What Do Children Need to Succeed? Hint: It’s More than Good Schools

The DC budget is our best tool for supporting children, yet the proposed budget for fiscal year (FY) 2020 leaves gaps in many services that can make a difference in the life of a child: in schools, supports for infants and toddlers, housing stability for families, and school-based mental health. As the Council completes the FY 2020 budget, it should respond to the complexity of children’s lives and needs by strengthening all of these supports that children need to thrive. Addressing just one area—such as schools—will not be enough.

Public investment in the healthy development DC’s children is critical to our city’s long-term success and to addressing the District’s growing racial inequities. Children of color in low-income families face multiple barriers that start before birth—from limited access to maternal care to unstable housing to a lack of high-quality child care. Children need stable and healthy environments, starting from the earliest age, but poverty and other factors can make it hard to provide stable environments for children, leading to stresses (“adverse childhood experiences”) that negatively affect brain development and health, with lifelong consequences.

The good news is that public investments can reduce these stresses and help children succeed. An FY 2020 budget focused on helping children thrive in school and beyond should focus not only on direct investments in schools, but also other supports that are critical to children’s school success.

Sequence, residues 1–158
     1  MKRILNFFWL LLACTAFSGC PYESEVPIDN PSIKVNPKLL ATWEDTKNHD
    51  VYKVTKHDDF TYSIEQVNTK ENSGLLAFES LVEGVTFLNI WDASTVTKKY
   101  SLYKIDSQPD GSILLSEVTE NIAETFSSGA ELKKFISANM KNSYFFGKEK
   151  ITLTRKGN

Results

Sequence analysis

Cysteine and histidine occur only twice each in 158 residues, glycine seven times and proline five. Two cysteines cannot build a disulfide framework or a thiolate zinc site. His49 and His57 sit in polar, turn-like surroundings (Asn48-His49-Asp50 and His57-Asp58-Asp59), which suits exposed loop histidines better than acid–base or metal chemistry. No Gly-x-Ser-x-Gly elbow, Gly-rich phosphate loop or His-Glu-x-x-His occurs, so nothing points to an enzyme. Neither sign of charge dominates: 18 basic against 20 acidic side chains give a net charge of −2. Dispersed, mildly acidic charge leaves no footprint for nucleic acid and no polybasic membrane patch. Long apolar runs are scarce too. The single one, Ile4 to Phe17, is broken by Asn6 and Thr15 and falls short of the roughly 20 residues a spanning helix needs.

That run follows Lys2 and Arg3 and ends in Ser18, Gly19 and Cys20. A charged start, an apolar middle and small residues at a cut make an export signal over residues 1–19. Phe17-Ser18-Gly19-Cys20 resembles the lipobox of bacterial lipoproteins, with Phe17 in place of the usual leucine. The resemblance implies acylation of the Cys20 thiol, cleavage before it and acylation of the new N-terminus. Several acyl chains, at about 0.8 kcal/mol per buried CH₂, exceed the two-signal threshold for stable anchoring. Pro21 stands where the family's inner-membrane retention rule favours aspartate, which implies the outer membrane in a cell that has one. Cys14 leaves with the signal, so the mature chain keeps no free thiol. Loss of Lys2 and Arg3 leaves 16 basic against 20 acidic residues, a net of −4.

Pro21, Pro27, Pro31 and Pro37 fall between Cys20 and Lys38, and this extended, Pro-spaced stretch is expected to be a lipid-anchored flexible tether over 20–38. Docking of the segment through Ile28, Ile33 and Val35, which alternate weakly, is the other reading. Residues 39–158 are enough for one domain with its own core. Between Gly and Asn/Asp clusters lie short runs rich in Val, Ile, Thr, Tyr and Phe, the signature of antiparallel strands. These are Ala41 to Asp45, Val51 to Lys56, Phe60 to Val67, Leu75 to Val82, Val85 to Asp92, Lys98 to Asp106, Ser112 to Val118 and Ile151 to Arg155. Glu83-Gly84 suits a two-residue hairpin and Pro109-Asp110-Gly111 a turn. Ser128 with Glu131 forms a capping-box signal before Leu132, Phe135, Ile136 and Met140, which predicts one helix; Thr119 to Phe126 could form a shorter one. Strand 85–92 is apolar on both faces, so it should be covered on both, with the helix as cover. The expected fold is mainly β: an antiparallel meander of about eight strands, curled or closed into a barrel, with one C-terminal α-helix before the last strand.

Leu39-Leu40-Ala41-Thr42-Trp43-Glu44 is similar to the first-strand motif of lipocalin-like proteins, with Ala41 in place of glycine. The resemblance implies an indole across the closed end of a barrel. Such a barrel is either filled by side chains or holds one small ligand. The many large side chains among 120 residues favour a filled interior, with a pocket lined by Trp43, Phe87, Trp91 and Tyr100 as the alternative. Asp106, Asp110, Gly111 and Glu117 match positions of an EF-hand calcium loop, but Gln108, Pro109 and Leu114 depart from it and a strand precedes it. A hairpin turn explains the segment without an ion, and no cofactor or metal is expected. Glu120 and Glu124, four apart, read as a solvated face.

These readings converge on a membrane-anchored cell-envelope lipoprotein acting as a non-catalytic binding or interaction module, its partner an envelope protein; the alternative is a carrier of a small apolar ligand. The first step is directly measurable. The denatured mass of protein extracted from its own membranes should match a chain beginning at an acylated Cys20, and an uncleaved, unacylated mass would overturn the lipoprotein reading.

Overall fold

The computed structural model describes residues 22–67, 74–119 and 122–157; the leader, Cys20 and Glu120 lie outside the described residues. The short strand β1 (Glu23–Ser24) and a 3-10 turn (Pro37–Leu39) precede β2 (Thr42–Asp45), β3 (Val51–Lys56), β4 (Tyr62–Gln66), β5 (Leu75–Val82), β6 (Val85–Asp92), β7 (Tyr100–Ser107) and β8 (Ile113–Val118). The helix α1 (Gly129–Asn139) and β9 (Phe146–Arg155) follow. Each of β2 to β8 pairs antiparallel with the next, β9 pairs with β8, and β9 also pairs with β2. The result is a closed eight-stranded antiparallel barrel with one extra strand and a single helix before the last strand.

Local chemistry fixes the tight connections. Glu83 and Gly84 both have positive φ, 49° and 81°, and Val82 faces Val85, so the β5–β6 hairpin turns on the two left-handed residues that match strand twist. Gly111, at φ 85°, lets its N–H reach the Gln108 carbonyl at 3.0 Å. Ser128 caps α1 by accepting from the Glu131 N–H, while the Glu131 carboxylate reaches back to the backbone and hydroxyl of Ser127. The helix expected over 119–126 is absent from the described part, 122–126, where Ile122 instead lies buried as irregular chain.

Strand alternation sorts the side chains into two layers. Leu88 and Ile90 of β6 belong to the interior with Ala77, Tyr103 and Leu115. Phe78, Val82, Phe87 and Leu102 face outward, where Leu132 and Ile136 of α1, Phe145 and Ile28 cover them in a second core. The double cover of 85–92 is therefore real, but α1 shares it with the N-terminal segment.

• Early Education: The period from birth to age three is the foundation on which all future learning rests. During this time, babies’ brains grow to 85 percent of their adult size. Research shows that children in low-income families “often receive early care of such poor quality that it diminishes their potential” but that investments to improve the quality of care they receive has “positive effects that can endure into the early adult years.”

The “Birth-to-Three for All DC” legislation adopted in 2018 takes a comprehensive approach to serving infants and toddlers, including high-quality early education, home visiting, and health supports. Yet the budget as it currently stands provides only $7 million of the $30 million needed to start implementing this legislation.

    • Housing Stability: Some 19,000 DC children face housing instability that affects their ability to succeed in school, including 6,000 students who are experiencing the ultimate instability of homelessness. The extreme stresses that result from unstable and unhealthy housing can lead to lower cognitive achievement test scores and lower measures of behavioral school readiness. Children who move frequently often fall behind and drop out of school. When children are in more stable housing, they do better in school.

The proposed budget supports families facing chronic homelessness but includes only 80 housing vouchers for the thousands of families with very low incomes that are burdened by the high cost of family-sized housing.

The proposed budget includes $6 million to add mental health professionals to over 60 schools. This is an important investment, but additional funding is needed to provide adequate staffing across schools. The budget also fails to fund The Student Fair Access to School Act passed in 2018, which aims to give schools resources to fully staff solutions that address the root causes of disruptive behavior, like Restorative Justice.

    • Schools: Under the proposed budget, per-student funding would grow less than inflation and less than the average cost of a DCPS teacher, which means schools overall will face reduced purchasing power. More important, the DCPS budget includes deep cuts to many schools in Wards 7 and 8, and continues to divert half of the funds intended for “at-risk” students, using them for core school functions, rather than supplemental services for students who need them most.

Investing in the success of DC’s children should be a top priority for the Council as they complete the FY 2020 budget. That means reversing cuts to schools but also making other important investments to support stability for children and their families.